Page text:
10 Strategies to Help Children Define Success for Themselves

Ryan Makhani

I recently gave a talk where I asked a group of parents, “What do the following four men have in common?”

  1. Peter Diamondis, founder of XPrize and Singularity University
  2. Salman Ahmed, Pakistani musician and lead of the band Junoon
  3. Pau Gasol, basketball player now on the Chicago Bulls
  4. Ken Joeng, comedian from the movie Hangover

Besides being male of course, these four men have something else in common – they all went to medical school. And guess what – all four are not practicing medicine now.

Pau Gasol and Ken Joeng practiced medicine and Peter Diamondis and Salman Ahmed never practiced. More importantly, all four are now pursuing their passions and have ultimately defined success for themselves.

Many students and parents today follow a success formula which goes something like this:

Good Grades + Good College + Good Job = Success.

Sadly, I have seen this approach lead to mediocrity and unhappy people living comfortable yet unfulfilling lives. To avoid this trap of the success formula, we must help our youth discover what Voltaire and Jim Collins addresses: “Good is the enemy of Great.”

As a child in San Jose and then East Bay in California, I grew up following the same success formula. But everything changed when I joined my first job after college.

I was 25 working as an applications engineer in semi-conductors. My younger brother was 18 and my dad had just entered his 50s. This is when my mother’s colon cancer had come back. Her condition was getting worse. I was laid off from my job and it was a blessing in disguise. I was able to spend six months with my mother before she passed away on March 8, 2005.  Depending on when you are reading this, it could be exactly 10 years now.

You see, when my mother passed, it didn’t matter how much I was earning, what my job title was or how popular I was. Everything changed on that day. The formula of good grades, good college and good job shattered for me.

Luckily, after a few more years of searching, I was able to discover my true passion –working with teens and helping them recognize their extraordinary gifts and potential, which led me to create BuildMyIdea.org, which inspires students to be innovative leaders.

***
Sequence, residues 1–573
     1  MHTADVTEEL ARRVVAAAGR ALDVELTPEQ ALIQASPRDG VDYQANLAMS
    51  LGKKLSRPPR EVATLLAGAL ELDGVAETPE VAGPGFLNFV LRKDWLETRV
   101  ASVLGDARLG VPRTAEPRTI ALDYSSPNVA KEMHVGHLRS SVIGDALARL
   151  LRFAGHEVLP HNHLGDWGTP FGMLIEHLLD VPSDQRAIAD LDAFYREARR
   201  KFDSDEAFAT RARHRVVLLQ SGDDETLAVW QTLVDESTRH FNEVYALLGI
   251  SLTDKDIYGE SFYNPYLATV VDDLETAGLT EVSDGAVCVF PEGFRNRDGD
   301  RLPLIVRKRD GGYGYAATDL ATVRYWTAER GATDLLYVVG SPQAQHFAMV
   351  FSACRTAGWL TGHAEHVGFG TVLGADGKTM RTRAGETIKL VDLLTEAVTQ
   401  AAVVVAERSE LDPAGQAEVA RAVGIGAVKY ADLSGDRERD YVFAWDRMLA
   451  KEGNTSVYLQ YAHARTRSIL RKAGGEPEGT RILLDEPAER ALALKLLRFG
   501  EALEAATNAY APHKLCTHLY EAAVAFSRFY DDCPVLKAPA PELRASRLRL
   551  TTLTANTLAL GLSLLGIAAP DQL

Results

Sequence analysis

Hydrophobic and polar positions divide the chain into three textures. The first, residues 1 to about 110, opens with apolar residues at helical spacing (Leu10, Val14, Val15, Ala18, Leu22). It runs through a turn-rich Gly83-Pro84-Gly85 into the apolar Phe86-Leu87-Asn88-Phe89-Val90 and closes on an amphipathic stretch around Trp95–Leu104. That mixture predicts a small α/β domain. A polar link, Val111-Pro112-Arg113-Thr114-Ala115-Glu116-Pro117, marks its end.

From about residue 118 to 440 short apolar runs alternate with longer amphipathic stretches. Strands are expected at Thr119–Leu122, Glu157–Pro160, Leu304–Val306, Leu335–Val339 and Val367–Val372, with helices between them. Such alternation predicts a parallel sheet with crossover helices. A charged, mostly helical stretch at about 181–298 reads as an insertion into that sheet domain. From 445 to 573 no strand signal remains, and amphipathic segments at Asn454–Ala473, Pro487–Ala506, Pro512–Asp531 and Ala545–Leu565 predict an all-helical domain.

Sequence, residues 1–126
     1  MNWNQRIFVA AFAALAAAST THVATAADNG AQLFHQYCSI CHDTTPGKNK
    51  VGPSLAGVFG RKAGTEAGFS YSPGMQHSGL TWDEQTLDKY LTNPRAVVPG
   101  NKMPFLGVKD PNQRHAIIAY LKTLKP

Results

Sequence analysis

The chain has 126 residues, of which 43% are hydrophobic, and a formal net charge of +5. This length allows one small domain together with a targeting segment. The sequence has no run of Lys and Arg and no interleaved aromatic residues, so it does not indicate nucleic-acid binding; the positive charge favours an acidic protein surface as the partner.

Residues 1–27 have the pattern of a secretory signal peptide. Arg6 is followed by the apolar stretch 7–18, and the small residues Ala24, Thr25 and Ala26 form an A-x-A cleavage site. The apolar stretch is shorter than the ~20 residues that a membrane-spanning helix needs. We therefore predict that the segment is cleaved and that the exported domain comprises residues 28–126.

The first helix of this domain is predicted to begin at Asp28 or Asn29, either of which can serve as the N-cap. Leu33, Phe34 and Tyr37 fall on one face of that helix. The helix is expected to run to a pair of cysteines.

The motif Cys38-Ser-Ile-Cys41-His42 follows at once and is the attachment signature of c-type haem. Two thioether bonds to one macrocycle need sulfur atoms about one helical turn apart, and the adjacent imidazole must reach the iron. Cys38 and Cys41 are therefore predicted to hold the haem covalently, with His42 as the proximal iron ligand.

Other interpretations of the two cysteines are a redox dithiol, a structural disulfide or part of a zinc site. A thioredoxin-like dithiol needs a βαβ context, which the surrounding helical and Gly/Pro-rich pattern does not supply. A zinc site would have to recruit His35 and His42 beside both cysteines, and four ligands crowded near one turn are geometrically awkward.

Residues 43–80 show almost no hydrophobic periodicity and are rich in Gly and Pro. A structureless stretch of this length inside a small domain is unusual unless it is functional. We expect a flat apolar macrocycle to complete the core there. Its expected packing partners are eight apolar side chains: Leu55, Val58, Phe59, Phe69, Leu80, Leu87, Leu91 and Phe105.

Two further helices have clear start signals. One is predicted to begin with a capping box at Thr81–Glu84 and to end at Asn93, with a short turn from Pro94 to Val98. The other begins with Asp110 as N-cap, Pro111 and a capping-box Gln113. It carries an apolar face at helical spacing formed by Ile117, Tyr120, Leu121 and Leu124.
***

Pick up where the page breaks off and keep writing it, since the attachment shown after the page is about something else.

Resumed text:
I share this story with you today because I have seen many youth across many cities in the world make the same mistakes I did. These mistakes include caring about grades over learning, letting others influence what they want to do, and most importantly, not defining success for themselves.

There are a million ways to be successful, but each of us needs to find our own.  

Today, we live in world where we can make a living out of just about anything. We can pursue our passion, serve the world and make money at the same time. I strongly believe that youth can start as early as possible in playing and exploring their passions. They can take part in various activities they enjoy, take a variety of courses to figure out which ones they like, talk to mentors, spend time with someone they admire, join causes they support, or even create an organization. Such activities can help them find their purpose in learning and guide their future journey in education.

The parents that I have seen who help their children define success for themselves usually do the following:

  1. The parents are aware of their own fears and dreams.
  1. The parents encourage and challenge their children rather than control all their decisions.
  1. The parents do not impose their definition of success onto their children, rather have conversations to help guide what success could be and what it could look like for their child.
  1. The parents ask questions that encourage their children to find their passions and define their goals.
  1. The parents provide tools for the child to explore and imagine their possibilities.
  1. The parents help the child not compare themselves to others, but rather to their own selves and own growth.
  1. The parents support the child’s curiosity and listen in ways that the child can feel supported.
  1. The parents take time to know their child in regards to what pushes their buttons, how to motivate them and what they love.
  1. The parents encourage the child playing in areas that could become a life-long passion.
  1. The parents recognize that the context in which their child is growing up is significantly different from their own childhood.

The ten ways listed above may not be easy to practice as adults. I have seen parents just trying to get by and keep up in the busy life that exists. The above tips are practices and may take time to bring into the family. A “tiger” mom or “helicopter” dad may be able to get their child to get good grades in a certain subject, go to a particular college or even finish grad school.

But happiness and living a dream can’t be forced.


This blog is part of our Smart Parents Series in partnership with the Nellie Mae Education Foundation. For more information, see:

Ryan Makhani is the founder of BuildMyIdea.org. Follow him on Twitter with @buildmyidea.

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1 Comment


I think that this post is beautifully written. I am currently a college students and everyday I observe my peers that are struggling through their majors in order to be successful after college. Although I do see the importance of this and understand how expensive it is these days to raise children, I do not think that anything is worth while if your not happy. I challenge myself, as a future educator, to help students reach their full potential and find success in areas of their life that make them the happiest.

Thank you for sharing!

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